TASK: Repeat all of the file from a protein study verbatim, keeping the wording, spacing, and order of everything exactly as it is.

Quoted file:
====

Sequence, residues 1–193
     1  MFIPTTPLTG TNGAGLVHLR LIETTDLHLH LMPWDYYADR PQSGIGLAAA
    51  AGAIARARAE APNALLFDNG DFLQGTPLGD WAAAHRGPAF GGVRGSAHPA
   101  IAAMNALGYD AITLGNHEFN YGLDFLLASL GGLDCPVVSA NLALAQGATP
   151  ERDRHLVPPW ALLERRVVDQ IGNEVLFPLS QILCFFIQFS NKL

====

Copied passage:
Sequence, residues 1–193
     1  MFIPTTPLTG TNGAGLVHLR LIETTDLHLH LMPWDYYADR PQSGIGLAAA
    51  AGAIARARAE APNALLFDNG DFLQGTPLGD WAAAHRGPAF GGVRGSAHPA
   101  IAAMNALGYD AITLGNHEFN YGLDFLLASL GGLDCPVVSA NLALAQGATP
   151  ERDRHLVPPW ALLERRVVDQ IGNEVLFPLS QILCFFIQFS NKL